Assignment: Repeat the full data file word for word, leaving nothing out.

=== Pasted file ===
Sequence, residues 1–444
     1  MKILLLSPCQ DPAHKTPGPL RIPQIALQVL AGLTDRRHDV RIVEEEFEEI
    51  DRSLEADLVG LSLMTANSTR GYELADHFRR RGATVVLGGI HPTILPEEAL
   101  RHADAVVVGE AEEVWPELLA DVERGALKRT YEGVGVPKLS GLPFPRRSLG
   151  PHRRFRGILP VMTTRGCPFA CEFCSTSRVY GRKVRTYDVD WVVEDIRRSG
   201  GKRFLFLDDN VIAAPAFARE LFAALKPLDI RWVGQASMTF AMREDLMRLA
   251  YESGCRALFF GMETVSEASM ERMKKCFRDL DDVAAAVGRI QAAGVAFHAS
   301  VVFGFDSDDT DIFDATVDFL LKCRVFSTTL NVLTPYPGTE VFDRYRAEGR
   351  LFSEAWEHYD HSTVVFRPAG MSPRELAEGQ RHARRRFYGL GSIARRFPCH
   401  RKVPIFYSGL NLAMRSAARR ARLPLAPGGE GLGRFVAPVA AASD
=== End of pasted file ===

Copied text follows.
Sequence, residues 1–444
     1  MKILLLSPCQ DPAHKTPGPL RIPQIALQVL AGLTDRRHDV RIVEEEFEEI
    51  DRSLEADLVG LSLMTANSTR GYELADHFRR RGATVVLGGI HPTILPEEAL
   101  RHADAVVVGE AEEVWPELLA DVERGALKRT YEGVGVPKLS GLPFPRRSLG
   151  PHRRFRGILP VMTTRGCPFA CEFCSTSRVY GRKVRTYDVD WVVEDIRRSG
   201  GKRFLFLDDN VIAAPAFARE LFAALKPLDI RWVGQASMTF AMREDLMRLA
   251  YESGCRALFF GMETVSEASM ERMKKCFRDL DDVAAAVGRI QAAGVAFHAS
   301  VVFGFDSDDT DIFDATVDFL LKCRVFSTTL NVLTPYPGTE VFDRYRAEGR
   351  LFSEAWEHYD HSTVVFRPAG MSPRELAEGQ RHARRRFYGL GSIARRFPCH
   401  RKVPIFYSGL NLAMRSAARR ARLPLAPGGE GLGRFVAPVA AASD